Anchor Books The O. Henry Prize Stories
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What does it mean to be included in the O. Henry Prize Stories? How does an author refine their art? We've given the authors of the winning and recommended stories free rein to share their thoughts on these questions and others, and the result is a rare treat.

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Comments Caitlin Horrocks
O. Henry Award-winning Author

It's an honor, of course, and an incredible, surprising gift to be included in The PEN/O. Henry Prize Stories. I'm especially proud and glad because my story, "This is Not Your City," was published in Third Coast out of Western Michigan University. The O. Henry nod is evidence not just that an editor liked my work, but that there are people reading literary journals of all sizes and finding good short fiction lurking there. Through a series of wonderful coincidences, I found myself at a wedding this past summer where the fiction editor who selected my story for Third Coast was a fellow guest; we were both graduate students when my story was accepted, and I think of this honor as a vote of support for me, for her, for literary journals everywhere: for everyone and everything keeping the short story vital and alive in spaces large and small.

(author photo © W. Todd Kaneko)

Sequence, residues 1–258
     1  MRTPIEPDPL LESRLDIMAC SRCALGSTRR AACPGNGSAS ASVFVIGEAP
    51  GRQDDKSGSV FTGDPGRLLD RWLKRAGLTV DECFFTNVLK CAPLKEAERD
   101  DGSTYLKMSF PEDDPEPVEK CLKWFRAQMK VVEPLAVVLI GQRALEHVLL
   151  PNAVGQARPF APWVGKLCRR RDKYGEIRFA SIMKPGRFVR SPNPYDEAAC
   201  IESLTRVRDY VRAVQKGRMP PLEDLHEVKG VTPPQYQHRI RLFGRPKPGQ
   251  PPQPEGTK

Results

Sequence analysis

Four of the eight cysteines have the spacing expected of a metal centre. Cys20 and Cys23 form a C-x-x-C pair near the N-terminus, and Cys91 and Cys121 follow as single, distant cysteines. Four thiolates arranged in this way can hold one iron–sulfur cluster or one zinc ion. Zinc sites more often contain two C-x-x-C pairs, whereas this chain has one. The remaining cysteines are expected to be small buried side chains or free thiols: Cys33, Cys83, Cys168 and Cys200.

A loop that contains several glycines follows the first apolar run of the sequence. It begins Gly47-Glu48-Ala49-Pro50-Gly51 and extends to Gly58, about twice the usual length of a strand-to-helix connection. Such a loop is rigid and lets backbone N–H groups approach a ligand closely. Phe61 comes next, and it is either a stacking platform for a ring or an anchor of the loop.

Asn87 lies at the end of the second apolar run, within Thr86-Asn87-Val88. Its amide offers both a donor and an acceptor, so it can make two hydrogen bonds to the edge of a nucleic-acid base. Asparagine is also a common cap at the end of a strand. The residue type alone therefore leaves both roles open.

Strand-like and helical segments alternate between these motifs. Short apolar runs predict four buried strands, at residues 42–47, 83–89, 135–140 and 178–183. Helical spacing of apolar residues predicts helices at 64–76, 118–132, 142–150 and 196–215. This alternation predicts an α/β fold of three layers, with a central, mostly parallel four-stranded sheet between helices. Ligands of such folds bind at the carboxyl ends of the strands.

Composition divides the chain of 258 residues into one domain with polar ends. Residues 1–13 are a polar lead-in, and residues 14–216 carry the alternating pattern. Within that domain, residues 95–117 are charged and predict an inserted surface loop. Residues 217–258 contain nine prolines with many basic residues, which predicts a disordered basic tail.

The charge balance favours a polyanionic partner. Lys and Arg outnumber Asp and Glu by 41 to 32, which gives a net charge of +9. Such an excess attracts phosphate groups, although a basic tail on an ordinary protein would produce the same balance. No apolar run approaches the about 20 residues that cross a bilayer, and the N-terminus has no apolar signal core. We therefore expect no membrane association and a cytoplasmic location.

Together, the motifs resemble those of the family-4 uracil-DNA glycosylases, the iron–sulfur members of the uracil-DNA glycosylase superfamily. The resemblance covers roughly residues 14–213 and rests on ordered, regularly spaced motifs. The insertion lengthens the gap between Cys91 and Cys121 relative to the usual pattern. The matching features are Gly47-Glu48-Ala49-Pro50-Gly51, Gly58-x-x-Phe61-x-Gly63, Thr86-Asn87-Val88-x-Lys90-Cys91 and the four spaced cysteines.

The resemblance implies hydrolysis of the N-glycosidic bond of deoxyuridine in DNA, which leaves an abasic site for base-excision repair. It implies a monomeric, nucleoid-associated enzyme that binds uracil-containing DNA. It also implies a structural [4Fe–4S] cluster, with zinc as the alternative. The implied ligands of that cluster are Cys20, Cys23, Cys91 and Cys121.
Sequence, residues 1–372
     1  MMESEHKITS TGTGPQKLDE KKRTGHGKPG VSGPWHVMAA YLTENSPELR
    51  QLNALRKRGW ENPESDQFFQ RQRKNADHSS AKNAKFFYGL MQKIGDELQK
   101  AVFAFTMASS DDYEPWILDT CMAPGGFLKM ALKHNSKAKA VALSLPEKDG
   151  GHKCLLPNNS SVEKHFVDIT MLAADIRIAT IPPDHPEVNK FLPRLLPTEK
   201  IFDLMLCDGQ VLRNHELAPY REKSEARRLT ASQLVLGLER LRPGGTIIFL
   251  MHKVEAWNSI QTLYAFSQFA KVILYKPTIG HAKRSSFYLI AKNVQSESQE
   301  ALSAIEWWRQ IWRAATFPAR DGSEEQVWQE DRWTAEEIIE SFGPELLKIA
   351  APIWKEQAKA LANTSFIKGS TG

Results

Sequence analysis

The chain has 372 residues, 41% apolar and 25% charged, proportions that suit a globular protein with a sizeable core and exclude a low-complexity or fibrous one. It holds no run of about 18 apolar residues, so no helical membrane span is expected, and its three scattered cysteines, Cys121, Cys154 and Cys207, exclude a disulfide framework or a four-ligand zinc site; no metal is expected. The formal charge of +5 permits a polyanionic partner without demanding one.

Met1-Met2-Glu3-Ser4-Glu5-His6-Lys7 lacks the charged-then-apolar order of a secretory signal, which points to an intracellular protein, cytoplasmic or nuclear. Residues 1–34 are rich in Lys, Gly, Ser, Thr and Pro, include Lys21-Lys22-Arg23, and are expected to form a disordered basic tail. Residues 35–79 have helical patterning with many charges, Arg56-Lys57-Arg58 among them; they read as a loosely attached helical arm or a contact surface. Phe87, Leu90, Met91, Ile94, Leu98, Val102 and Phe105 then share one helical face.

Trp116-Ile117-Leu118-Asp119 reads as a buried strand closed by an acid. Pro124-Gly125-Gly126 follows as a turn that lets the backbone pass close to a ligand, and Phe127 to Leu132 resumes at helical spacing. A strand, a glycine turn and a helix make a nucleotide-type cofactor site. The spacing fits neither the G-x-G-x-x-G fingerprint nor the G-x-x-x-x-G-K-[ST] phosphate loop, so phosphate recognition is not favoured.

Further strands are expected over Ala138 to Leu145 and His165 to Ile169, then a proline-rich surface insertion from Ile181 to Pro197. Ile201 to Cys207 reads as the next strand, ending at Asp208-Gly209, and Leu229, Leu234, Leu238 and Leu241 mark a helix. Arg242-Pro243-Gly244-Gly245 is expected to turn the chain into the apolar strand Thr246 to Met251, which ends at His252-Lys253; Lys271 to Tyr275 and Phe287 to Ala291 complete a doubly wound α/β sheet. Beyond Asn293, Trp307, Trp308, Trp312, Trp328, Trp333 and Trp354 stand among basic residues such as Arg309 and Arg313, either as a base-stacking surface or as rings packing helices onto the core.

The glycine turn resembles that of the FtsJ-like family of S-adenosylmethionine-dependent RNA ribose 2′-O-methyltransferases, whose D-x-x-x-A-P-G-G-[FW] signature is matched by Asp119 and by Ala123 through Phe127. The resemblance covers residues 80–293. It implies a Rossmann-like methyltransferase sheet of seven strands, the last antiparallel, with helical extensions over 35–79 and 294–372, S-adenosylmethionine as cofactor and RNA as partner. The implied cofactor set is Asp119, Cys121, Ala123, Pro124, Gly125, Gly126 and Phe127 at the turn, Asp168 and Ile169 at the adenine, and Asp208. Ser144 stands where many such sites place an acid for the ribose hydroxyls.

Writing Tips

I've always needed second, third, and fourth readers in my life, people with good eyes, great editorial instincts, generous patience, and a healthy degree of tact. As embarrassing as it is, I've been dependent on friends, colleagues, or teachers to clue me in that the main action of a particular story should perhaps start before page 15. I've written thirty page drafts that could instantly lose ten without hitting vital organs. My first drafts are usually the places where I sprawl out in as much detail as is necessary to figure out what drew me to the material in the first place; I often start with a single character, or place, or event, and have to find and follow the trail that will lead to an actual story. I've slowly gotten better at stepping away from those first drafts and returning to them with a reader's eyes, looking for all the slow spots, the dull spots, the vague spots, the head-scratch-raised-eyebrow-inducing spots. I've become more ruthless with my words, making sure every phrase is paying its rent. Something else that helps me refine my stories is to have a new project that's going miserably: nothing turns me to exhaustive revision more enthusiastically than the knowledge that, otherwise, I have to stumble forward into the murk of a new piece.

About the Author

Caitlin Horrocks was born in Ann Arbor in 1980, and has lived in Ohio, Arizona, Finland, England, and the Czech Republic. Her first story collection, This is Not Your City, won the 2008 Spokane Prize for Short Fiction. Her stories appear in The Paris Review, Tin House, The Southern Review, The Gettysburg Review, Epoch, and elsewhere. She lives in Grand Rapids, Michigan.

Writer's Desk

  • I'm currently stumbling around inside a novel, and working on various short stories. I spent much of this past winter contemplating a story about human hibernation; when I finally sat down to work on it, the sun was out, the snow was melting, and the mood had faded.

  • Writer's Desk

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